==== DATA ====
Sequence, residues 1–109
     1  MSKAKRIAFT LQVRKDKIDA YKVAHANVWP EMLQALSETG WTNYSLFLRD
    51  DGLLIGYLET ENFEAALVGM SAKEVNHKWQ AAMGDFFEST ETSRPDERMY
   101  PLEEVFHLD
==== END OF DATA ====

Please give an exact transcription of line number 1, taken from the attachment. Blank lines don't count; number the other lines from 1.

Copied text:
Sequence, residues 1–109